“Salmon aren’t enough for our young people”; BBNC asserts authority it doesn’t have?

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Final Pebble hearing draws mix of views
Liz Ruskin, Alaska Public Media, April 16, 2019

People who oppose the Pebble Mine – and quite a few who support it – came out in force Tuesday for the final Corps of Engineers hearing on the proposed mine.

“I’m a fifth-generation commercial fisherman,” said 15-year-old Emily Taylor, a freshman at Dimond High who fishes in the Naknek-Kvichak district every summer. “And the permit I now hold once belonged to my great, great grandmother, Anna Chukan.”

Taylor said she hopes to pass her salmon permit and setnet fishing tradition on to her heirs, but she says a mine could end all that. Her hand shook as she read from her cell phone screen.

“I don’t want my children and grandchildren to have to ask me what it was like to go fishing. Do you think they’ll ask me about this day? What I did to stop it? I don’t want that to become my reality,” she said.

Jimmy Hurley Sr. of Ekwok said he had to leave his community and now works in Togiak, hauling fuel. He said salmon aren’t enough for the young people in Ekwok.

“Are they going to be proud of living off food stamps or welfare or all the other things?” Hurley said in an interview after his testimony. “Look at the state right now, with Medicaid being cut and … all these other things that are free stuff. There’s not going to be anything free anymore, so we better get people to work.”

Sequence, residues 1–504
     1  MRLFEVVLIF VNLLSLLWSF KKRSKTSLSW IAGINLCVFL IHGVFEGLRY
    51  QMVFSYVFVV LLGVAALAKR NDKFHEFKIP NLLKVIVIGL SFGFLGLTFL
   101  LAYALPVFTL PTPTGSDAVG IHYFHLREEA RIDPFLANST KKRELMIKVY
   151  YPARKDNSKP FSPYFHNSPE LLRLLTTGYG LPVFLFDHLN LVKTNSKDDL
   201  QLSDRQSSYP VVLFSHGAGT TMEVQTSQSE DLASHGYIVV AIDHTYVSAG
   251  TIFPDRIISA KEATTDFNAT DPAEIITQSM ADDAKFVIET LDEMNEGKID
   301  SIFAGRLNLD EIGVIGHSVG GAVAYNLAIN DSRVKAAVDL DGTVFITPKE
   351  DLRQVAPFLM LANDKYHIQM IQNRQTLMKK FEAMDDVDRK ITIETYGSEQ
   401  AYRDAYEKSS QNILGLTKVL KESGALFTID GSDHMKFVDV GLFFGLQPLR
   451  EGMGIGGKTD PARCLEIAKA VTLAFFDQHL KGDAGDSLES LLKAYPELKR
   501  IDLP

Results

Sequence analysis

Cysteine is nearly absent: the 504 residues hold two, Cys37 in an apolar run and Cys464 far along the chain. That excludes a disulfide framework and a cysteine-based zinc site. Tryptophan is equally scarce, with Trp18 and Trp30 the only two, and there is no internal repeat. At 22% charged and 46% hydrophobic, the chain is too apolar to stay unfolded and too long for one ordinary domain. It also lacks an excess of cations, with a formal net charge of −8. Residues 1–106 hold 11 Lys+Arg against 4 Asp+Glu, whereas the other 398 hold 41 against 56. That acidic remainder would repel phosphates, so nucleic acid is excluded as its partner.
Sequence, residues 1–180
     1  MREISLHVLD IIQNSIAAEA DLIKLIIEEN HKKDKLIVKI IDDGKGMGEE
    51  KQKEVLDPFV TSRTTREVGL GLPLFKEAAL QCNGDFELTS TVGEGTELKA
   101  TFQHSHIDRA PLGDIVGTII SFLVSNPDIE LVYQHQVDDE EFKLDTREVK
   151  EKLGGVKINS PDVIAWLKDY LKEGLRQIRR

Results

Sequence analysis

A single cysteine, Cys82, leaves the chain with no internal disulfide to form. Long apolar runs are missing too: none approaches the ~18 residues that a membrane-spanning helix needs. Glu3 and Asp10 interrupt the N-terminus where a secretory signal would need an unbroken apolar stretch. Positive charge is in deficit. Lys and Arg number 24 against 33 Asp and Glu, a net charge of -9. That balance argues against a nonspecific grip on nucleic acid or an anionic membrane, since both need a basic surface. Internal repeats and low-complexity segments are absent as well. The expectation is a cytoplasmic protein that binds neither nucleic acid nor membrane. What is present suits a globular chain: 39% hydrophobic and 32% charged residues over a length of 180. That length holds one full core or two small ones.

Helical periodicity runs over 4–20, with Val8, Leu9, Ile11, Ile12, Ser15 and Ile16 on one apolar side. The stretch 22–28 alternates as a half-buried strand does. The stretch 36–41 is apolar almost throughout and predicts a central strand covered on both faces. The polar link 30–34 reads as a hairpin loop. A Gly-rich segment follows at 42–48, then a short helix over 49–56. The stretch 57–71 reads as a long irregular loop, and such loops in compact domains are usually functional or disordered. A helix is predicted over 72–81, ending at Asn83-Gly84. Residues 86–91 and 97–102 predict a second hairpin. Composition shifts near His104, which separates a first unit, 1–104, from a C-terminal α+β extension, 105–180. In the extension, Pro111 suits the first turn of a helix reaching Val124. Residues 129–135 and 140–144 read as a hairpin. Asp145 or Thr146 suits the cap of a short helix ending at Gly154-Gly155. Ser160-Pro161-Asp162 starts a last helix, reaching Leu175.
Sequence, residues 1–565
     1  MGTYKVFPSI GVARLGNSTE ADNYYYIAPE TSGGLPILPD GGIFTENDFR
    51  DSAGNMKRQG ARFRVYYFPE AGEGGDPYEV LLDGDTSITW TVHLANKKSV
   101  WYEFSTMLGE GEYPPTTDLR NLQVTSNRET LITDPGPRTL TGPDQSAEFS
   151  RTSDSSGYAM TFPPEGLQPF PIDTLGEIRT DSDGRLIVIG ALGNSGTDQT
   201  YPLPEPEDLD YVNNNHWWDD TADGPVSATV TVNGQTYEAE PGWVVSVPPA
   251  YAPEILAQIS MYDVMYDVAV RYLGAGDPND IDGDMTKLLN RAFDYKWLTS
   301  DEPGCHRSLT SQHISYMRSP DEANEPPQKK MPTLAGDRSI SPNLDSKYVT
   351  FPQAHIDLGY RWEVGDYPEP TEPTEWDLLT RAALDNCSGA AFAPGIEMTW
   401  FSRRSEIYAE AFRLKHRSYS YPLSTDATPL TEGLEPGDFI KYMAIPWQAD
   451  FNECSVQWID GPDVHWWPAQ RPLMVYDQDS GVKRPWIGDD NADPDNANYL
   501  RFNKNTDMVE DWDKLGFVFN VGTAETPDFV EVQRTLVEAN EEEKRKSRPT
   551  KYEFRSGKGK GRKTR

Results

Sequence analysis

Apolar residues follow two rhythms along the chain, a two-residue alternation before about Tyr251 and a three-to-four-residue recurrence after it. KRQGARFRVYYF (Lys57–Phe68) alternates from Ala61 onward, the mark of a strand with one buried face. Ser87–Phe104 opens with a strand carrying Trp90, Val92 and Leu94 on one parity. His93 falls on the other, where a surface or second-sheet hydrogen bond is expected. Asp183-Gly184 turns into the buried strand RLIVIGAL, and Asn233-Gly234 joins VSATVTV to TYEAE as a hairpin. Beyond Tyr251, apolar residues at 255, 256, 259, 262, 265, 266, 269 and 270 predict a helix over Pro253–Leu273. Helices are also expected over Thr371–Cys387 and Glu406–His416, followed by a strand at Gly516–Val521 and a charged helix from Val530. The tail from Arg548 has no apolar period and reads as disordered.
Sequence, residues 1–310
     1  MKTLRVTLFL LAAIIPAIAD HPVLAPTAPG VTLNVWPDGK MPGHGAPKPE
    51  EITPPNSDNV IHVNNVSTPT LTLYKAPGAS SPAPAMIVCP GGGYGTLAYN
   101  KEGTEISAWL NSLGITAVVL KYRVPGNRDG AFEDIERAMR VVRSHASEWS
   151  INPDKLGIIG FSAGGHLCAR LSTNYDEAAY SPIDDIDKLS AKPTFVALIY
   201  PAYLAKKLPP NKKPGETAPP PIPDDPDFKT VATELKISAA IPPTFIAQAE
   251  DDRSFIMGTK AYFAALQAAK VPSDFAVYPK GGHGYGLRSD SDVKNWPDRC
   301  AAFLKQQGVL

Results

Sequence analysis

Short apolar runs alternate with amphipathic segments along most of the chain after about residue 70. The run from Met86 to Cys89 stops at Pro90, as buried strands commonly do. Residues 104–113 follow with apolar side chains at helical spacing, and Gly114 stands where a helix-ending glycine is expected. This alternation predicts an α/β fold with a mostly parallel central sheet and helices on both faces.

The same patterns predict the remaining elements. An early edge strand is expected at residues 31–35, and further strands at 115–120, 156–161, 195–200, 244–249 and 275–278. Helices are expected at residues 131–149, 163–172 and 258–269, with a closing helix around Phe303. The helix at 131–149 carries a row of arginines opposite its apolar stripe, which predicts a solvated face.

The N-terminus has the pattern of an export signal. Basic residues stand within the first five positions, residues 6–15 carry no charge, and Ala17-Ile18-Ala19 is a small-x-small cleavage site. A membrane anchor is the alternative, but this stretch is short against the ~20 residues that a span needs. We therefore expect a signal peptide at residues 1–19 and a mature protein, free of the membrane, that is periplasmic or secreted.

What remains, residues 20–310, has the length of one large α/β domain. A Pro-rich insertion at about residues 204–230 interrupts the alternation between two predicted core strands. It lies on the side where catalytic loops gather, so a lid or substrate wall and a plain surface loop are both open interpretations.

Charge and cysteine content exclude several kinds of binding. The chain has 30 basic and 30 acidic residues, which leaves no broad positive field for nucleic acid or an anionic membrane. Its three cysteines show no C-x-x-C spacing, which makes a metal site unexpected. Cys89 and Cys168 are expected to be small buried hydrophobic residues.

Our Take: Kudos to Liz Ruskin for capturing two statements that so clearly state the argument over the mine from the people who live where the mine will be.

Somehow the media missed one of the most significant statements made in yesterday’s 8-hour hearing.   The statement below lays out the claim that the Bristol Bay Native Corporation has no legal basis to state that “it will not permit trespass on it’s subsurface for the purposes of support to Pebble.”   That’s a big deal folks.


I speak today concerning Alternative I, the preferred access route for ingress and egress to the proposed Pebble Mine. It is my distinct privilege to have represented Alaska Peninsula Corporation for 35 years, and I speak today as their lawyer. My comments are limited to APC’s protected rights to develop its lands without interference.

As the Corps is aware, APC is a village corporation within the meaning of § 3(j) of the Alaska Native Claims Settlement Act. It owns 400,000 acres of surface estate lands in fee. Almost half of those lands are in the Iliamna Lake area, near the Pebble prospect. APC supports Alternative I, which will involve approximately 24 miles of right-of-way on APC’s lands.

The Regional ANCSA Corporation, Bristol Bay Native Corporation, is the owner of the subsurface underlying APC’s lands. BBNC has stated publicly that it will not permit “trespass” on its subsurface for the purposes of support to Pebble.

BBNC has no legal basis to hinder APC’s right to economic development of APC’s lands. The Ninth Circuit has been clear on this matter. In Koniag, Inc. v. Koncor Forest Resource, 35 F.3d 991 (9th Cir. 1994), the Court expressly held that a Regional Corporation cannot block a village’s economic development. The Court held that: “Congress intended that those village corporations that did select land for economical potential would be able to use that land and to realize its potential.” APC selected its land for economic potential. BBNC cannot render APC’s lands worthless. Rather, APC has an implied easement to rock, sand and gravel that is necessary for APC’s realization of its economic potential.

BBNC’s threats are therefore frivolous. BBNC may not unreasonably deny access on APC’s planned right-of-way.

In Summary:

  • APC supports Alternative I. Alternative I access is on APC lands. The Alternative permits APC to develop its economic potential for its 900 shareholders and their families.
  • As a matter of law, BBNC cannot prohibit APC’s realization of APC’s economic potential.
  • Alternative I provides the least risk, and the greatest benefit to the Iliamna Lake community.